A gallon of liquid is always 128 oz of material.  When that material is applied at 1 wet mil, it will cover roughly 1086 sq ft. When applied at 5 wet mils it will cover 350 sq. ft.   When applied at 10 wet mils it will cover 160 sq. ft.  When applied at 15 wet mils it will cover roughly 110 sq. ft.  When dealing with Durabak 18 smooth the above numbers work well, if no other factors apply to the surface of the substrate.  When dealing with Durabak 18 non slip, it is important to understand that there is roughly a quart of liquid take out of each can, and a quart of rubber chips are added.  The rubber chips require wetting of their surfaces, so in all roughly 80 oz of the 128 oz. normally in a gallon is left to spread at 15 wet mils.  So a gallon of Durabak 18 non slip will only cover roughly 65 sq. ft. per gallon.


Now let us talk about substrate surface profile.

All application rate are usually based on the ISA 120 profile. It is a standard used by most industries to determine application rates. When the surface profile varies the application rates will also. If the surface is better than a 120 profile the application rates will go up. If the surface profile is worse than 120, the application rate will go down. Concrete and wood can vary greatly, it needs to be looked at before estimating the volume of material need for a job. That is why shot-blasting concrete is such a good idea, it will take the high points off the concrete, and less material will be lost into the surface profile. Wood usually needs to be sanded to avoid this issue. For aluminum and smooth finished surfaces, roughen the surface to be coated with 80 to 120 grit sandpaper.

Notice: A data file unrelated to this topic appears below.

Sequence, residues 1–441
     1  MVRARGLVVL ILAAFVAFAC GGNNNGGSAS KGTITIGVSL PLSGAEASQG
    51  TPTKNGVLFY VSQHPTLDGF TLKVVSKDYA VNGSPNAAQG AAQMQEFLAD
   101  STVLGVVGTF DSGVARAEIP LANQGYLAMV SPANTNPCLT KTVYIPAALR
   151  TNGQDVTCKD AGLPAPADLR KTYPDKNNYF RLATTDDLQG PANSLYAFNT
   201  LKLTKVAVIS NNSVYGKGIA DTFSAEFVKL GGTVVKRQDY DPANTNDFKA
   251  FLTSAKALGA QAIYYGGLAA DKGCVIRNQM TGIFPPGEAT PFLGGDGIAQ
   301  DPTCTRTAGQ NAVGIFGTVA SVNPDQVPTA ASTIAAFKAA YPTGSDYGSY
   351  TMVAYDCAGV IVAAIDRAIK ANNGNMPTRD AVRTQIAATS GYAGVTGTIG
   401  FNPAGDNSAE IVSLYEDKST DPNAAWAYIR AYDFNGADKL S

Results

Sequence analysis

Open and closed cell foam have real issues with surface profile and surface porosity. In the case of wood and concrete, the dust has to be removed before the surface can be coated. That is why it is important to do the 2 inch patch test.

It is important that we talk about surface porosity

Most of the time it can be ignored, however in some cases it becomes very important, and can cause a project to use twice as much product as normal. So, surface porosity is the number of very small hole in the surface of a substrate and the diameter and depth of them. If these items are all small, you will only lose .25 to maybe 2% of the product down into the surface porosity. However if you have CDX unfinished or marine grade plywood, the % of lose can be 10 to 20% of the material, and if you combine this lost with surface profile of CDX unfinished or marine grade plywood the material filling the large holes, and the material needed to cover over or filling in the small valley on the surface of the wood can be easily 35 to 40%; This loss of covering the high points of this kind of wood cause these kinds of materials to fail. For example typically a gallon of Durabak 18 non slip will cover 65 sq.ft. at an application rate of 15 wet mils. Here you may only get 30 sq. ft per gallon to apply 15 wet mils over the top of the highest peaks in the valley of the wood.